Saturday, January 8, 2011

Selling My Soul To Google?

Yeah, another long breaks between posts. When I started this John told me that what I needed to do was write every day. The thing is, I do write every day. I write a lot every day. I just write it in different places. The textbooks I'm writing don't belong on a blog. They are often high priority as well and taking the time to write here takes away from that. With the semester approaching I definitely have other writing to be doing, but I have some thoughts bouncing around that definitely belong in this venue.

Just recently my wife and I got new phones. The effect this has had on my life and how I'm doing things has been so pronounced that it it nothing short of remarkable. It isn't just because of the phone though. Other factors certainly come into play as well and the total effect is that the value of certain technologies that had seemed a bit silly to me has really come into focus.

My wife got an iPhone. I kid her that she has sold her soul to Apple. It was a gradual process. It started with iTunes and then went to iPods for her and the kids. The iPhone has just cemented it. She truly belongs to Apple now in a way that she will have a hard time reversing. She doesn't mind it right now and perhaps never will. We will see.

I understand this because I was tethered to Microsoft for a while. I managed to break free piece by piece going to OpenOffice first. The move away from Exchange was the hardest, but Evolution was close enough and I got my files moved over so it worked out well. When I got a laptop with Vista on it I cut the link completely and wiped the drive and put Ubuntu in its place. I am a much happier person as a result.

For small form factors I have been an early adopter. I got the Compaq iPaq shortly after it came out. It was a thing of beauty. A little computer I could hold in my hand. It was Windows, but I could forgive that at the time. My next handheld was a Zaurus. With the slide out keyboard and Linux on board I loved that thing. Those devices weren't phones though and I didn't carry them with me everywhere because I didn't want to have to carry multiple devices. About three years ago I got a T-mobile Dash as my first smartphone. It was Windows and at the time I was still tethered to MS so it worked well with what I was doing. It had a little QWERTY that worked well for me, but no touch screen. That turned out to be a problem because so many of the programs for the platform needed to you be able to point. When I broke free of MS it wouldn't talk to my Linux boxes at all. So it because just a phone with a keyboard for texting.

My new phone is an Android Motorola Flipside. The advances in smartphone technology are staggering to me. The Dash seemed nice to me, but the reality was they were trying to put a little PC in my hand. In the three years since the OS developers have figured out how to do handheld devices. This phone has a slide out keyboard, but it isn't a handheld PC. It is a smartphone and the user interface is wonderful. I love the multiple workspaces.

In the last year Trinity moved from Exchange to T-mail which is hosted by Google and it really G-mail. That hadn't been a big issue for me when using Evolution. The switch was just a change in what machine I was pulling things down from to store on my laptop. However, this phone automatically synched to my T-mail account. Unfortunately, the way I was doing things it wasn't too helpful because my laptop would take things off the web and store them locally. I liked that because I liked to be able to work on e-mail when I wasn't connected to the internet. The phone is far more connected though and getting to see my e-mail from anywhere my phone was trumped has for the moment trumped the ability to work offline. So I have basically moved from Evolution to using G-mail. The calendar features and the way they work on my phone are also great.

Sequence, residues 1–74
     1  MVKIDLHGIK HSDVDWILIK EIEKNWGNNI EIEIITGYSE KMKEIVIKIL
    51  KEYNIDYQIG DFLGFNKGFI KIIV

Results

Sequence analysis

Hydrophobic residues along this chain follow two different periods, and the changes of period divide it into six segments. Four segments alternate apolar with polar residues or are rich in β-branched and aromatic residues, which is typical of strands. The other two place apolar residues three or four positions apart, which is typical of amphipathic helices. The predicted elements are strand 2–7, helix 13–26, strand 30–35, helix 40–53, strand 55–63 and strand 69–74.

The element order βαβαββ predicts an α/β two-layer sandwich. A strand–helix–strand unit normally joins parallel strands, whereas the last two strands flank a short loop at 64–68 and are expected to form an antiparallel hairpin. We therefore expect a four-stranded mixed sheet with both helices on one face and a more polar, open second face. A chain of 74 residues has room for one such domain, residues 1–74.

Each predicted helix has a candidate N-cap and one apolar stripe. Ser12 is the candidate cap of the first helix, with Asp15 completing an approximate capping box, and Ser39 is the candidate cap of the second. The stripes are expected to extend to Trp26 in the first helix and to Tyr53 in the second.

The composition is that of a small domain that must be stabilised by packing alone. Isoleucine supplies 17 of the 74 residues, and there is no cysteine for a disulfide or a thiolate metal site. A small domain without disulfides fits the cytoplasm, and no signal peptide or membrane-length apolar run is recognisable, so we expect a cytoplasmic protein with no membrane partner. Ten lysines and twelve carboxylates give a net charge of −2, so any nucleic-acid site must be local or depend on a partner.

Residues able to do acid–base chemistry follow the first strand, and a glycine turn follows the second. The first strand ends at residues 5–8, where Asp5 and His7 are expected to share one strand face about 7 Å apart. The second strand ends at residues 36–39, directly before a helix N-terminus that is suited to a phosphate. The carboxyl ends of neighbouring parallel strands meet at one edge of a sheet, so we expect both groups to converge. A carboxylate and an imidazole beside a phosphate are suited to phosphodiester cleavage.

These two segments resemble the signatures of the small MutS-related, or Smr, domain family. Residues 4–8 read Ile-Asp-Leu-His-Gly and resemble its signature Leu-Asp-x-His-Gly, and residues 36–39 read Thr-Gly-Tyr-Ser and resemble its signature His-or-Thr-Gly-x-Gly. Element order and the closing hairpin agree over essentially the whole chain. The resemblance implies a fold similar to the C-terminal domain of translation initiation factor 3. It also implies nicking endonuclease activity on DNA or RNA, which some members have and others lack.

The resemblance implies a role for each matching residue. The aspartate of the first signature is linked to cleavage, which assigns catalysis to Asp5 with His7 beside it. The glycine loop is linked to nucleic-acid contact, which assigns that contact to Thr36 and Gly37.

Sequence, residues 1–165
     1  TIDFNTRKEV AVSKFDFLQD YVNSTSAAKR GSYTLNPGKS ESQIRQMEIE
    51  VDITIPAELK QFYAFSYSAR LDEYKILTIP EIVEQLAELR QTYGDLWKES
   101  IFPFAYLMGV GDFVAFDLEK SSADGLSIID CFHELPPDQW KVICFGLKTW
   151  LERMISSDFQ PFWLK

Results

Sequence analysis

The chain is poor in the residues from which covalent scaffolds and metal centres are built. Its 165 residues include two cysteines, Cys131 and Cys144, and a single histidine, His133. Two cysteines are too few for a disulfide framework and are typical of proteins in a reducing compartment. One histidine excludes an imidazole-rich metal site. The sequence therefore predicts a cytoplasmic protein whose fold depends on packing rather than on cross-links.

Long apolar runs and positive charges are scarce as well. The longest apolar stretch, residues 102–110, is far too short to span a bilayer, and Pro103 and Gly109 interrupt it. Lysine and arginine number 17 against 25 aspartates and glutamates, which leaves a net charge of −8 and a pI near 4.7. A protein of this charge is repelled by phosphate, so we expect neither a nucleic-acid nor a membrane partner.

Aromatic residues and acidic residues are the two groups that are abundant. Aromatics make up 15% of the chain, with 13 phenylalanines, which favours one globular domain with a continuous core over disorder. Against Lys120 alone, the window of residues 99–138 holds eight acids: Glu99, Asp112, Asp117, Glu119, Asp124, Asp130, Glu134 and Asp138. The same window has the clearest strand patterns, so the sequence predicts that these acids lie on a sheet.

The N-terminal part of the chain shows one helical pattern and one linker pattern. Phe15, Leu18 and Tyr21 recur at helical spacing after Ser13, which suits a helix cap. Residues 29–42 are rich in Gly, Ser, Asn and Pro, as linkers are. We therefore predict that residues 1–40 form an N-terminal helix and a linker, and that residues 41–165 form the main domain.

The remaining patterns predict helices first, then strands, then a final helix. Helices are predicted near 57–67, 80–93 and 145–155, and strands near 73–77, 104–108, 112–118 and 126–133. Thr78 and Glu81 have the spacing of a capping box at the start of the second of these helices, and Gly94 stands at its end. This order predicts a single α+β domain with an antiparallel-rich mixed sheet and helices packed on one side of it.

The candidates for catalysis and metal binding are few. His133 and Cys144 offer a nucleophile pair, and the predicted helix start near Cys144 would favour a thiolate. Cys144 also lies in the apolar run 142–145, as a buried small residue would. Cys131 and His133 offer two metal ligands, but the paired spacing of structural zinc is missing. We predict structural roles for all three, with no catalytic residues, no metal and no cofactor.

What is really happening here is that I'm moving into the cloud. This does worry me a bit because I really don't have this data locally anymore. I might start having Evolution pull stuff down for that purpose, but we'll see.

In this move I'm also playing now with Google Docs. It had always seemed like a novelty before, but now I'm seeing some of the value. The ability to share documents is significant for many applications. I'm also starting to see the brilliance of Google in other areas as well. Chrome has tabs that can easily break off into new windows and each tab runs as a separate process. That is touted as good for stability and it made sense to me, but I didn't see it as groundbreaking. However, in my changes over the past week or two my tabs have now turned into my apps. One is my e-mail. Another is my calendar. Now some will be my documents. Chrome OS starts to make a lot more sense as well.

So the question is, am I selling my soul to Google as surely as my wife has sold hers to Apple? I'm afraid the answer is yes. I haven't sold out completely though. I couldn't replace my laptop with an Android tablet for example (though the ones from Asus with keyboards are very tempting). That is only because I do some things that aren't in the Google toolbox yet. They have no equivalent for Eclipse. Similarly, their text documents aren't a replacement for LaTeX/LyX in editing large documents. However, I can see a world now where those things would be run either in the browser or in something that spawns off the browser.

Many of you reading this probably moved in directions like this a while ago. What are your thoughts? How has the transition been? Where are the rough spots? What can't you do in the cloud? What things do you see never moving into the cloud?